The historic settlement with JPMorgan Chase & Co (JPM) over the bank's mortgage practices offers a unique look at how the bank packaged and marketed the mortgages it sold as securities, according to The New York Times:

At the heart of the civil settlement, which materialized after months of wrangling, is a statement of facts negotiated with the government that provides details into how JPMorgan assembled mortgage securities sold from 2005 through 2008. While the bank did not admit any violations of law, its decision to approve the statement was one of a few critical concessions it made in order to strike the deal.

The statement shows that as JPMorgan packaged the residential mortgages into complex securities, the bank promised to alert investors to any flaws that might raise questions about the loans, according to the statement.

Of course, the real news about the settlement is that it isn't really about JPMorgan Chase at all. It's about the crappy loans sold by Bear Stearns and Washington Mutual:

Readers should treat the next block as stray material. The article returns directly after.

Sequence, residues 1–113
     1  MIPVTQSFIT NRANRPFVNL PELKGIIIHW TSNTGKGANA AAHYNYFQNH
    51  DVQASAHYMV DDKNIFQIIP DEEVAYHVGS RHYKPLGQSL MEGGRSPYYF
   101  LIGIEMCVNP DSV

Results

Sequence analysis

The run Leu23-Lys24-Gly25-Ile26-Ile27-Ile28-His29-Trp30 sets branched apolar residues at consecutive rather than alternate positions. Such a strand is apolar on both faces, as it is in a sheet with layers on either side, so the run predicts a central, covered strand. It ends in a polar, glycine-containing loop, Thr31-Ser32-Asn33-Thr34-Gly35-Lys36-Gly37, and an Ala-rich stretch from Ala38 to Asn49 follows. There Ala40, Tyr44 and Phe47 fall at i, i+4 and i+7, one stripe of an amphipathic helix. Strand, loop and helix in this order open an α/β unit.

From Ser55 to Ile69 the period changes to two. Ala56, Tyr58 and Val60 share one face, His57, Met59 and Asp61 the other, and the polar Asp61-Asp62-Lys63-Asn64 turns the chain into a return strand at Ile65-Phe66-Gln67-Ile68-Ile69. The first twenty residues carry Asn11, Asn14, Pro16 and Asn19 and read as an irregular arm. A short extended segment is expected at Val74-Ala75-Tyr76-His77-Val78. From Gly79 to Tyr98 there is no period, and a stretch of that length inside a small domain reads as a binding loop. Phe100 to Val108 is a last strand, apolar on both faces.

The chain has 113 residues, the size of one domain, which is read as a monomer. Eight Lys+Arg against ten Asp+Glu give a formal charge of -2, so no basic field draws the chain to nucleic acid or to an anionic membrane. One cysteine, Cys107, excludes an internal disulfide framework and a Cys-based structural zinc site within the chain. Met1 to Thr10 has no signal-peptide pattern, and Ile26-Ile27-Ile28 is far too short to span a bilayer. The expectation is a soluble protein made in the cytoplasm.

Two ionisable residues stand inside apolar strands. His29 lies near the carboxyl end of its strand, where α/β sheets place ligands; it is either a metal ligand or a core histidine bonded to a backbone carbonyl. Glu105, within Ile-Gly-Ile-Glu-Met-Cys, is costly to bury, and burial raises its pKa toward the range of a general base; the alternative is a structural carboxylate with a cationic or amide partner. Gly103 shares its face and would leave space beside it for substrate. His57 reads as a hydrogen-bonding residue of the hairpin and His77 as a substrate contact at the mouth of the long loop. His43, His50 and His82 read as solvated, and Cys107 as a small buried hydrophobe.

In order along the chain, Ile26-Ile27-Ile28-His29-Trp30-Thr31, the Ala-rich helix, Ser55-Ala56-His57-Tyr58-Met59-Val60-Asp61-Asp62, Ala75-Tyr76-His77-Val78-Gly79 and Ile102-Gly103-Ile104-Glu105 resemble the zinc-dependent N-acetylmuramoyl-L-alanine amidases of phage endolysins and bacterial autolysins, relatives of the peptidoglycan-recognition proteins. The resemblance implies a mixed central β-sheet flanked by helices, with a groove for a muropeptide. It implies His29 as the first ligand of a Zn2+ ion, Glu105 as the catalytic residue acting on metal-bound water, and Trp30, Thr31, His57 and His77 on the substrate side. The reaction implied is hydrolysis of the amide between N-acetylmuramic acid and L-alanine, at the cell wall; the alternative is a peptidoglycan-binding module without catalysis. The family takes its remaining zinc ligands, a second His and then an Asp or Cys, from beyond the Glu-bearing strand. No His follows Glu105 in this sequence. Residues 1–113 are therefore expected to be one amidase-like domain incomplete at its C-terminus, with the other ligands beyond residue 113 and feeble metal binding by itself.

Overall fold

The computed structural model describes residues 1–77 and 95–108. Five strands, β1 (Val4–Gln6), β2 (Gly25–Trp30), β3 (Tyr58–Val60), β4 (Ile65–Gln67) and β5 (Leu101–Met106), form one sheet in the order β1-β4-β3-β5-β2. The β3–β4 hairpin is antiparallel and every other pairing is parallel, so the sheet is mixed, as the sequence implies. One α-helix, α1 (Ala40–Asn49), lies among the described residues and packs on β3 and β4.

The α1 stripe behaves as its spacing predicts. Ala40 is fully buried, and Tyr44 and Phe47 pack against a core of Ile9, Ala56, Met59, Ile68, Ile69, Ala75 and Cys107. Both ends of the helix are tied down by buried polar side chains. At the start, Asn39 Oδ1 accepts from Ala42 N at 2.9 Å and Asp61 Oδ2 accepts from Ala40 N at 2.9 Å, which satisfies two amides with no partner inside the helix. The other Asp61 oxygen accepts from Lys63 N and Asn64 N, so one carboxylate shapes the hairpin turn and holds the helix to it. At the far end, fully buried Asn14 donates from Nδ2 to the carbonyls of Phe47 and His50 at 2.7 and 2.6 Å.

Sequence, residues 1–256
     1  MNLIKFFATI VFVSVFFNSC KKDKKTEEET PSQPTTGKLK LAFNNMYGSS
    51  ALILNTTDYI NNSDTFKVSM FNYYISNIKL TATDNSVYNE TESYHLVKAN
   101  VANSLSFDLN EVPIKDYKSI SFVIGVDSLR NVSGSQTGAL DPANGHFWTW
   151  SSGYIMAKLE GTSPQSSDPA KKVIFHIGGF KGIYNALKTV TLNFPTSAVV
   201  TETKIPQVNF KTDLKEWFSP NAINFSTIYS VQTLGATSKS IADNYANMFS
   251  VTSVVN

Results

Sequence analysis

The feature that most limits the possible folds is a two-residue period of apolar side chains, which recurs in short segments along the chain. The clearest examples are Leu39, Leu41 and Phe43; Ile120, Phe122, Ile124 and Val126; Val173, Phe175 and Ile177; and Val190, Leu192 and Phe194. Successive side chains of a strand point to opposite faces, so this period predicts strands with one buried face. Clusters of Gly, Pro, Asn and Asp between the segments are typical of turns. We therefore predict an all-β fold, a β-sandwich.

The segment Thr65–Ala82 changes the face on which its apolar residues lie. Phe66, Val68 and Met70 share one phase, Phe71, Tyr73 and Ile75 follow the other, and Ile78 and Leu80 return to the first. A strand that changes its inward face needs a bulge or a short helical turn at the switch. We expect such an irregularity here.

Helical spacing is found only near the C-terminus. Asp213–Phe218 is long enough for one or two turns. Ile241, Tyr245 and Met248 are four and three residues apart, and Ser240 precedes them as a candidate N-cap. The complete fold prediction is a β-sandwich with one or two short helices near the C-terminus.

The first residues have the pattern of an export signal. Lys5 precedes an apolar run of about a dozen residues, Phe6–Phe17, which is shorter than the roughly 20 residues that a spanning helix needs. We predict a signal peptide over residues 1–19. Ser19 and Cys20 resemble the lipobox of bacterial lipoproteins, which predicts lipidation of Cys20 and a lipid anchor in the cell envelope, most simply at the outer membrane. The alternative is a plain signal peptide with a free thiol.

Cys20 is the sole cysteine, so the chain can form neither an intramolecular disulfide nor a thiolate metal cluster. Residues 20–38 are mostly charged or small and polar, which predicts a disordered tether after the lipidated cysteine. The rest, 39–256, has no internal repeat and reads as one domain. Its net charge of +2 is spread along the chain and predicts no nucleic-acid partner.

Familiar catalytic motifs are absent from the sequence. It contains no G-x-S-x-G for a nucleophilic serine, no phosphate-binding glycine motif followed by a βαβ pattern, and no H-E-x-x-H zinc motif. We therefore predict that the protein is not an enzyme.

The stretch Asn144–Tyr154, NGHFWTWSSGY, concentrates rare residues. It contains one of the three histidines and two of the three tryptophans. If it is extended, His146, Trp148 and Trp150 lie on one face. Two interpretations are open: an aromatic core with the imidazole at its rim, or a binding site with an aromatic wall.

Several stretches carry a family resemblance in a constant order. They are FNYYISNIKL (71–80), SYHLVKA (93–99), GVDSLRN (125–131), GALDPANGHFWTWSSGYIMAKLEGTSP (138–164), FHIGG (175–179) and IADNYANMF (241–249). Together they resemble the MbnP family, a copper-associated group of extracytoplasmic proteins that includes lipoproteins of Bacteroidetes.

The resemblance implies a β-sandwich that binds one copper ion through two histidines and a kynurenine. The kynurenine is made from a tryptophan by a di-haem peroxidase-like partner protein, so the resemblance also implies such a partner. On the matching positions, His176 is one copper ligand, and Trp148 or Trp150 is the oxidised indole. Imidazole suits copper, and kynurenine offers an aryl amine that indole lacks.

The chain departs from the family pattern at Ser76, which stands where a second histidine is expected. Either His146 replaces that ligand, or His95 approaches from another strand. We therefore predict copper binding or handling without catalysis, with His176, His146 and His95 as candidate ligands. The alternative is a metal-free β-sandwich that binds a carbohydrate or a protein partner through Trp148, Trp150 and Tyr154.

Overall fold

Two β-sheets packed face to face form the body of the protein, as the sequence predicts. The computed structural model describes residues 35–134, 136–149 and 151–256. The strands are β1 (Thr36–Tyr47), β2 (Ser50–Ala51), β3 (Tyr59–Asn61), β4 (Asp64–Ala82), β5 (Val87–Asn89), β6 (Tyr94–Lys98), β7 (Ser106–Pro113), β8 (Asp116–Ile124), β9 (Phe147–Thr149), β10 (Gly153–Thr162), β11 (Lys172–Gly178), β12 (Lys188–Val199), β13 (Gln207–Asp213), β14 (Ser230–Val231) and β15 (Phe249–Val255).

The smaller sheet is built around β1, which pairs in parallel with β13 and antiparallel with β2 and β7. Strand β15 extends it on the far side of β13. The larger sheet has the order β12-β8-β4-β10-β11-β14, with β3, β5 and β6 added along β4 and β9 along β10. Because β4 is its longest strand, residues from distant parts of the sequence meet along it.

Many of the mortgage securities included in the settlement are not JPMorgan’s. Instead, they belong to Bear Stearns and Washington Mutual, which JPMorgan bought in 2008.

On a conference call on Tuesday, Marianne Lake, the bank’s chief financial officer, said that roughly 80 percent of the losses at issue in the settlement stem from Bear Stearns.

Bet JPM feels great about those purchases right about now.

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